- Soffit vents – They are installed like solid soffits, but they actually have perforations in their design. They can be fitted between the rafter tails or in a continuous design.
- Baffles – These are fitted between the rafters. Their main function is to keep fresh air flowing into the attic without interference from the insulation.
Maintenance Tips for Roof Ventilation System
Maintaining your roof ventilation system shouldn’t be so hard. Just make sure it is included in your annual roof inspection so that your roofer can assess the current condition of the vents. Generally, experts will look for signs of weather damage such as cracks, loose vents, and broken or missing tiles around the vents. They will also have to check for any blockage in the vent since leaves and other debris could get into the vents and potentially accumulate over time.
Apart from the vents and the area surrounding them, you should also have the attic or roof deck checked for moisture damage. Make sure to have your attic insulation inspected as well. It should be in good shape and properly placed so that you can rest assured that your home is well-insulated against outdoor temperature changes.
More Information: Insulation and Attic Ventilation
Other parts of your home could impact the efficiency of your roofing ventilation system. That’s why you should also pay close attention to these other building components. Any problems in your insulation and attic ventilation, for example, could spread into your roofing system and render the roofing ventilation ineffective.
To give you a better idea about how these components work alongside your roofing ventilation, below are some more information:
- Insulation can prevent the unnecessary venting of heated and cooled air. This means that conditioned air will remain in your indoor living spaces where it should be and allow the ventilation system to circulate only the attic air while making sure it is also vented along with excess moisture and heat.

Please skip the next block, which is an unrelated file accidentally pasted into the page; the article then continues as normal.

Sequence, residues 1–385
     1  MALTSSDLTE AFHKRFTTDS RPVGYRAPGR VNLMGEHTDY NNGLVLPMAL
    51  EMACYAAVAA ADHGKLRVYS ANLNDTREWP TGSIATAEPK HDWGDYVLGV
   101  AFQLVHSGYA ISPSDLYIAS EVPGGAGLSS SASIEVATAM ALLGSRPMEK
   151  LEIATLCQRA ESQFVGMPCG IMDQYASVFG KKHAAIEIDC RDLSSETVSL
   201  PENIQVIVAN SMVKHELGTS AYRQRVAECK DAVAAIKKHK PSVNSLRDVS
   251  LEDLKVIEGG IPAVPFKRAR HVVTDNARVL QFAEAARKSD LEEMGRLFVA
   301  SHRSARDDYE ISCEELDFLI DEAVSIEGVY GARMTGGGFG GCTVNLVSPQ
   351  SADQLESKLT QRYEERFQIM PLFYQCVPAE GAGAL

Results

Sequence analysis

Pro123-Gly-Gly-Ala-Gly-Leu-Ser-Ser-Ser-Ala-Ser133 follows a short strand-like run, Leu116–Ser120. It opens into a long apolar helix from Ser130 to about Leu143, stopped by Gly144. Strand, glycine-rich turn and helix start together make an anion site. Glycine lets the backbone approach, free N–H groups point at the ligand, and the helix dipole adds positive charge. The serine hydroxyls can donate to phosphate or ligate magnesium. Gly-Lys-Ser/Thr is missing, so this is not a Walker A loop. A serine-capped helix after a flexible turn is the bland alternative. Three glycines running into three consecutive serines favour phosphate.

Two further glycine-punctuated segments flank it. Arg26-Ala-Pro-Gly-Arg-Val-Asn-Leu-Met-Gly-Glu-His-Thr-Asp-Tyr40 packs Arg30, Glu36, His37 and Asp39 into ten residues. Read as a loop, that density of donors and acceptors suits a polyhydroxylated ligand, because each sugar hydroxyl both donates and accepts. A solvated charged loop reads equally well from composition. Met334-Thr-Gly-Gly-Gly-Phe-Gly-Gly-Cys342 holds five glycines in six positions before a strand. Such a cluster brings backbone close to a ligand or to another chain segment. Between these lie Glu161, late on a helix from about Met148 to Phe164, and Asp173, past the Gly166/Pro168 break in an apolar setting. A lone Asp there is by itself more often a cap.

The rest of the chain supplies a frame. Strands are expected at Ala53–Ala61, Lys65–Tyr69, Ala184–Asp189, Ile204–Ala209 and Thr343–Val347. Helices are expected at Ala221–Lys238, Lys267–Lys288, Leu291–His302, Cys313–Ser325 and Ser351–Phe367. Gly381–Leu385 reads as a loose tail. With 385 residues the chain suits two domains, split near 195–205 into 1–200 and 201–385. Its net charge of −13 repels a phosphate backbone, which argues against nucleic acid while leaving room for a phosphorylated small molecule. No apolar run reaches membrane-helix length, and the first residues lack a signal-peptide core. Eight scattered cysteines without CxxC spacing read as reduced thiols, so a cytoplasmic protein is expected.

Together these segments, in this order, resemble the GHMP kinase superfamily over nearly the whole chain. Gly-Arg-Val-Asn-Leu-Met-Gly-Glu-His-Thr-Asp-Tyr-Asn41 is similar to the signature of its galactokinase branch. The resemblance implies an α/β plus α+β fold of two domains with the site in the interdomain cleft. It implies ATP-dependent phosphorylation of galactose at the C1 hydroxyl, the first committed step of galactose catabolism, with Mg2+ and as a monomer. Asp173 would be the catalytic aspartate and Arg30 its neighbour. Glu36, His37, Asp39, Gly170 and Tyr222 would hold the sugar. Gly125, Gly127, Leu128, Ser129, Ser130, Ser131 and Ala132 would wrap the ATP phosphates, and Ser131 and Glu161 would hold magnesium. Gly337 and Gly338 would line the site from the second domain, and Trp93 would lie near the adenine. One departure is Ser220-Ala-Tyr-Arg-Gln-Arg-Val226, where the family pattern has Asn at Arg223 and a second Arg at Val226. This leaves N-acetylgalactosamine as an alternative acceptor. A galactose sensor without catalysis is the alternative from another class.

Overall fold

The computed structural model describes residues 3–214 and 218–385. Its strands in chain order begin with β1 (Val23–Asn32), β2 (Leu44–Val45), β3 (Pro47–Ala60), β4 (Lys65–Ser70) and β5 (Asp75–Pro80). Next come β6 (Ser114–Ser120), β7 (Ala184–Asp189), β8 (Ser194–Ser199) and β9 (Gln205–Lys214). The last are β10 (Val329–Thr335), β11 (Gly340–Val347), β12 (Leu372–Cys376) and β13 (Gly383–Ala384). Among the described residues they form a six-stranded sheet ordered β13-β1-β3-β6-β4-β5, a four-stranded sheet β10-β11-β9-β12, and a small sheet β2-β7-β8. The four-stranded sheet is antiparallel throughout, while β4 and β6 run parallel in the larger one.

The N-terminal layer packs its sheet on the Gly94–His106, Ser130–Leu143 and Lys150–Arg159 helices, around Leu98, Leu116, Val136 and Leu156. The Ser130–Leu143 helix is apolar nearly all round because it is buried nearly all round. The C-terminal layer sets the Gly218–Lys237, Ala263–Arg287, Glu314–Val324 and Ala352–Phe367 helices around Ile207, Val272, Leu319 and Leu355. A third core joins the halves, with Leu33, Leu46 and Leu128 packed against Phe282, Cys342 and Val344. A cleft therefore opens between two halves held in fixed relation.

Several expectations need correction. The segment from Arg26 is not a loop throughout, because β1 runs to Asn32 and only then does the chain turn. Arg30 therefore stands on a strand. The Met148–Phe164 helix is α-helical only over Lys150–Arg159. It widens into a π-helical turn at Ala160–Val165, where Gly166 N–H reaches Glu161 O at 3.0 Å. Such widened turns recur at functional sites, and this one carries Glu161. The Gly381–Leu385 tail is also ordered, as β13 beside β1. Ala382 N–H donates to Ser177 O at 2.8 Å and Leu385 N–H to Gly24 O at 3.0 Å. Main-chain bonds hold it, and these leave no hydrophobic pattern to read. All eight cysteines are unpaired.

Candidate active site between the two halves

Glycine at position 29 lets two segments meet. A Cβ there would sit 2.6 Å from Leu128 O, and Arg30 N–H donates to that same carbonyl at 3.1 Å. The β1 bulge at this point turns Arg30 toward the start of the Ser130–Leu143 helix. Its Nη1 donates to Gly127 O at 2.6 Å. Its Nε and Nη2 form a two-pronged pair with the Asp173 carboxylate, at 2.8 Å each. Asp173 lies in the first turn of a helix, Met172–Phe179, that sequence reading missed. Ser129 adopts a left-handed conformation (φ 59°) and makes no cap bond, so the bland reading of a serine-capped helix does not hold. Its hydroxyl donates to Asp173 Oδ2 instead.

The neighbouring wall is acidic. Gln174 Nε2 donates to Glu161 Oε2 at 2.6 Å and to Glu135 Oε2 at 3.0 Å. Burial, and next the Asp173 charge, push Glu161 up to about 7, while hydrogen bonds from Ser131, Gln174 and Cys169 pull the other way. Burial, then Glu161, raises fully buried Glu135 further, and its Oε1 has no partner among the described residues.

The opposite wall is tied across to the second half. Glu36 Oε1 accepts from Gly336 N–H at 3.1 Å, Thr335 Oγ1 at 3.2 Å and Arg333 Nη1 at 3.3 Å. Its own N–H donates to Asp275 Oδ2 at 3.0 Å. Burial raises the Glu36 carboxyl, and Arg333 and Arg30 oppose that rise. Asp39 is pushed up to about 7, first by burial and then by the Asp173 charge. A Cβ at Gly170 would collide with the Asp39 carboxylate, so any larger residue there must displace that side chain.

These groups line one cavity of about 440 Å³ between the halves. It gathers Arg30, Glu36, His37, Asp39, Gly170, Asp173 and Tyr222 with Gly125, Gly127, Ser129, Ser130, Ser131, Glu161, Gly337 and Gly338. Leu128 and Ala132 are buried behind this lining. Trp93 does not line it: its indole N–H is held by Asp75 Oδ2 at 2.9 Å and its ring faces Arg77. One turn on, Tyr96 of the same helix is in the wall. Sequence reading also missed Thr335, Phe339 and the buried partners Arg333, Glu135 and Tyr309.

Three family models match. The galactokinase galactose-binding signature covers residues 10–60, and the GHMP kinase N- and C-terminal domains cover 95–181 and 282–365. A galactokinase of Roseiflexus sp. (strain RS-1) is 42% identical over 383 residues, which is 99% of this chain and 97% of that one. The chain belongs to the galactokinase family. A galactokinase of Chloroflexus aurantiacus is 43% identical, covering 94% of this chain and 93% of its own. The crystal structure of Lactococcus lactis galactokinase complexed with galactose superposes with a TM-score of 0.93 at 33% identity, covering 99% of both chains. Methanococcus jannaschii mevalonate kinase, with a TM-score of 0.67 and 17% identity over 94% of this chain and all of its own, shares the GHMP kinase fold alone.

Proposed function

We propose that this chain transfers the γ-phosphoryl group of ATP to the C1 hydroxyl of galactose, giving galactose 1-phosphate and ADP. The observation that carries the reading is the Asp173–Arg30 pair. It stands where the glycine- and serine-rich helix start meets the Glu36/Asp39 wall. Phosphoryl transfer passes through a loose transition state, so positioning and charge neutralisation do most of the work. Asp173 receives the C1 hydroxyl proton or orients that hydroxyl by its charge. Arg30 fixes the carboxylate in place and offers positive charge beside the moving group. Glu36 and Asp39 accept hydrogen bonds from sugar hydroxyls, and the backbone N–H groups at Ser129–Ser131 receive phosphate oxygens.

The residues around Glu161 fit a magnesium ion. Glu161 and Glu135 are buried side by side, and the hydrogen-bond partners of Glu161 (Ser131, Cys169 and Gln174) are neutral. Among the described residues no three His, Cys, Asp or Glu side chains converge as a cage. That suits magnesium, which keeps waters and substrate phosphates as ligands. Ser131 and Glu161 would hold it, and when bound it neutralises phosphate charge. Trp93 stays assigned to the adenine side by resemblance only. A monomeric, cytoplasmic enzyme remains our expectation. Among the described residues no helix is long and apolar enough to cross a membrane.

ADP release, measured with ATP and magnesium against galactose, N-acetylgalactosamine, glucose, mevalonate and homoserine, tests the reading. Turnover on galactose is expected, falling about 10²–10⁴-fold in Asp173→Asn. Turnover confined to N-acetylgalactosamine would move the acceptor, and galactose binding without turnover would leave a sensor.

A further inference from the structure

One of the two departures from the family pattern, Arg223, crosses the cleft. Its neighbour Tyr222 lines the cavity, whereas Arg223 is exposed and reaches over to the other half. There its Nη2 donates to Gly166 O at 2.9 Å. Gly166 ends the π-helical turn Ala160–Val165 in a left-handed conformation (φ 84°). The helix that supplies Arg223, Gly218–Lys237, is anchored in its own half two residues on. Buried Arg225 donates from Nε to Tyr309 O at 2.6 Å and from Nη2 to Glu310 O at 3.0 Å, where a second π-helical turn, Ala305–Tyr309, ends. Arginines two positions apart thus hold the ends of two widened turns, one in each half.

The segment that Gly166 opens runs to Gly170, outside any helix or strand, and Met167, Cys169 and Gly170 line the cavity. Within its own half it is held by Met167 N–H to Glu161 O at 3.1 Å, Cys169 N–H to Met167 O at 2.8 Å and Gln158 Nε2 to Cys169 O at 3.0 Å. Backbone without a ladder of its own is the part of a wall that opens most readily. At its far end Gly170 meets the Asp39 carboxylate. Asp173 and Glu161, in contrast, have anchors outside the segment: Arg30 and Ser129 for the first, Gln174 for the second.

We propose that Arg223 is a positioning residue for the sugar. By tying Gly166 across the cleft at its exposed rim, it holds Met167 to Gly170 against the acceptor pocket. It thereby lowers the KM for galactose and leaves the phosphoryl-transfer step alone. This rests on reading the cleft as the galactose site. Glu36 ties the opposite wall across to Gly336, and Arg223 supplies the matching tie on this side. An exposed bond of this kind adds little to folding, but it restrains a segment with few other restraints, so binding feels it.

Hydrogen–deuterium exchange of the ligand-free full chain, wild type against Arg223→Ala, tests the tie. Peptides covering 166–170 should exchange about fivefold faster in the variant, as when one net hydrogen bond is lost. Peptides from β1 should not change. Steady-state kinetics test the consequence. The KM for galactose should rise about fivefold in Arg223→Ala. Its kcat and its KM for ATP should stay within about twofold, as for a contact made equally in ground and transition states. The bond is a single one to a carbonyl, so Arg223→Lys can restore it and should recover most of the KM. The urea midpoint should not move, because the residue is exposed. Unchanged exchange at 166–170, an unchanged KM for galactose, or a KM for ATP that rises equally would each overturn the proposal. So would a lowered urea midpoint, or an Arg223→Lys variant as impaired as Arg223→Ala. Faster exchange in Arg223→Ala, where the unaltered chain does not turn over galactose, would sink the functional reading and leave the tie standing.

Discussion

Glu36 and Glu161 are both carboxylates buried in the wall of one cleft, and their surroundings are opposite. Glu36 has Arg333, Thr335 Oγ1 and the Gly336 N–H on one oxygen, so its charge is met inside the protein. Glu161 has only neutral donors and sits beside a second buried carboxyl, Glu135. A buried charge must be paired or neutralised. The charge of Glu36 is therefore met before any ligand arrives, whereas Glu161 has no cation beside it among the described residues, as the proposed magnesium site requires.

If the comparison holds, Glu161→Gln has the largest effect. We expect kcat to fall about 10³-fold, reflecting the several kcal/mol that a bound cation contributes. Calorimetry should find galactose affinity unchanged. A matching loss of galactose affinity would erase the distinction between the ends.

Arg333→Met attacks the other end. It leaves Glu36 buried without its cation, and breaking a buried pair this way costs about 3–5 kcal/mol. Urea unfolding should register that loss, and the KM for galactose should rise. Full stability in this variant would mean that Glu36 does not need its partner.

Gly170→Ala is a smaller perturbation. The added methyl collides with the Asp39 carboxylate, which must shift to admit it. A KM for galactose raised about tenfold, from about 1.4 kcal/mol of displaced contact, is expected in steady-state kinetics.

- Your HVAC system should be correctly installed and properly functioning. Furthermore, any ducts that run through your attic should be sealed, and they should not cause the attic insulation to be compressed. If you are using bath fans, ensure that these are not venting into your attic or within three feet of vented soffits.
- All protrusions into your attic must be sealed so as to stop unwanted airflow, heat and moisture from penetrating your attic space. You might want to consider hiring a professional to evaluate your attic design and identify any protrusions that could potentially affect your roofing ventilation.
LePage and Sons Roofing LLC is a trusted roofing company with over 15 years of experience. We cater to residential and commercial clients, so you can count on us regardless of the size of your project. We are also a reputable solar roofing contractor. So if you are interested in getting this type of roof for your home, rest assured that we have the expertise to help you. Call us at (508) 295-6483 or fill out our contact form to request a consultation.